The Encyclopedia Latina: History, Culture, Society. Edited by Ilan Stavans, Lewis-Sebring Professor of Latin American and Latino Culture, and Harold Augenbraum. Trumbull, Conn.: Grolier Academic Reference, 2005. 2,000 pp. (4 vols.) $449 hardcover. 

In its four volumes, 650 entries, 2,000 pages and 1.2-million words, Encyclopedia Latina explores every aspect of Latino life in America from a myriad of perspectives, spanning the arts, media, cuisine, government and politics, science and technology, business, health and sports, among others. To develop Encyclopedia Latina, Stavans assembled a who’s-who editorial advisory board of such prominent Latino figures as Ray Suarez of PBS’ NewsHour; Jorge Ramos of Univision; Richard Delgado, author of The Latino/a Condition: A Critical Reader; and Marcus Burke of the Hispanic Society of America. Contributors include academics as well as journalists, musicians, filmmakers, poets, novelists, chefs, curators, translators and independent scholars. The resulting work frames the social and historical context of Latinos’ impact on the United States from colonial to modern times.

Envisioning an English Empire: Jamestown and the Making of the North Atlantic World. Edited by Robert Applebaum and John Wood Sweet ’88. Philadelphia: University of Pennsylvania Press, 2005. 368 pp. $59.95 hardcover.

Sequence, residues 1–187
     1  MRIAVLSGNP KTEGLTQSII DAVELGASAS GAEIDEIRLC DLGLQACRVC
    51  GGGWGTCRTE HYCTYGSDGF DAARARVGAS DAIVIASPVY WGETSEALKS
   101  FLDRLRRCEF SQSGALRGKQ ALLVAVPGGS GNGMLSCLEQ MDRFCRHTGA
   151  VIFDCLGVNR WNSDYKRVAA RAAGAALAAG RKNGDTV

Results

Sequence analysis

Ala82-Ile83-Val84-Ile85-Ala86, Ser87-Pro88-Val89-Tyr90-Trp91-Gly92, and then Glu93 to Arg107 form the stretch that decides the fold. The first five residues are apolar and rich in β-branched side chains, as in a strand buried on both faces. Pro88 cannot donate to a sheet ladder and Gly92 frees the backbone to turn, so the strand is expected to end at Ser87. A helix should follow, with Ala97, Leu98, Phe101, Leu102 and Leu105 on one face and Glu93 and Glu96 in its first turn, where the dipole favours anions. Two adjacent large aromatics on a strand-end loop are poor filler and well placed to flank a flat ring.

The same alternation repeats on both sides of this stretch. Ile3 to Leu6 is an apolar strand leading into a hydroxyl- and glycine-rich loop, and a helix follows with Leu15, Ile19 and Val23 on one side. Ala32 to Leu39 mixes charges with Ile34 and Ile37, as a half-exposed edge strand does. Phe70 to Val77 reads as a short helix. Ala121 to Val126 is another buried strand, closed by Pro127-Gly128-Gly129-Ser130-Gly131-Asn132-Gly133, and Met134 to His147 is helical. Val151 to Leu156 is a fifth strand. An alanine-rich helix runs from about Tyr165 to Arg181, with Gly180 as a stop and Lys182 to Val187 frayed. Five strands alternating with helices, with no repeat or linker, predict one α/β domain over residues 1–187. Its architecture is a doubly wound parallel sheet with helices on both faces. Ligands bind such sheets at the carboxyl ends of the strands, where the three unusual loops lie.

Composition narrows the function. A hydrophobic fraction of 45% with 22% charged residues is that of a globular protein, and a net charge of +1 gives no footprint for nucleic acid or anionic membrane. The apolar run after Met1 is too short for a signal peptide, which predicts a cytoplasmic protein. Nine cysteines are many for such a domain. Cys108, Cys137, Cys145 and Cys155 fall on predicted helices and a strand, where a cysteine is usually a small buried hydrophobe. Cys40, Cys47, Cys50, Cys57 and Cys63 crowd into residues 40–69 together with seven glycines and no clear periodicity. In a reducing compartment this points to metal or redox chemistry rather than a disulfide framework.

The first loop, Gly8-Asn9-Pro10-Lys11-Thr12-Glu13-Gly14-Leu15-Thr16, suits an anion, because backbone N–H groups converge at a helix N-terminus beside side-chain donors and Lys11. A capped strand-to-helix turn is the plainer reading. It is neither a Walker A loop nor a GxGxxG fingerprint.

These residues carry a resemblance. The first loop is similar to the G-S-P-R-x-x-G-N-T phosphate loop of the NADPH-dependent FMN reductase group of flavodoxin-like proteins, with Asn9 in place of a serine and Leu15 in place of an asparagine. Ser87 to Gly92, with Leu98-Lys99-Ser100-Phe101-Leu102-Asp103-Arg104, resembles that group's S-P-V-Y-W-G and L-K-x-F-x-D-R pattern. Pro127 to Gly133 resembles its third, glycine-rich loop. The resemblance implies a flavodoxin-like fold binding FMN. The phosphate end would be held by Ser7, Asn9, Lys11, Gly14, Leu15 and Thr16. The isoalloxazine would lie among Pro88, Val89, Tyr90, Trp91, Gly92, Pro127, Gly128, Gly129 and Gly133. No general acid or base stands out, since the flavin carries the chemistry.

Envisioning an English Empire brings together leading historians and literary scholars to reframe our understanding of the history of Jamestown and the literature of empire that emerged from it. The collection begins by exploring the initial encounters between Jamestown settlers and the Powhatan Indians and the relations of both these groups with London. The book then examines the ways in which settlers and natives were transformed over the course of the 17th century, considering conflicts and exchanges over food, property, slavery and colonial identity. Sweet teaches history at the University of North Carolina.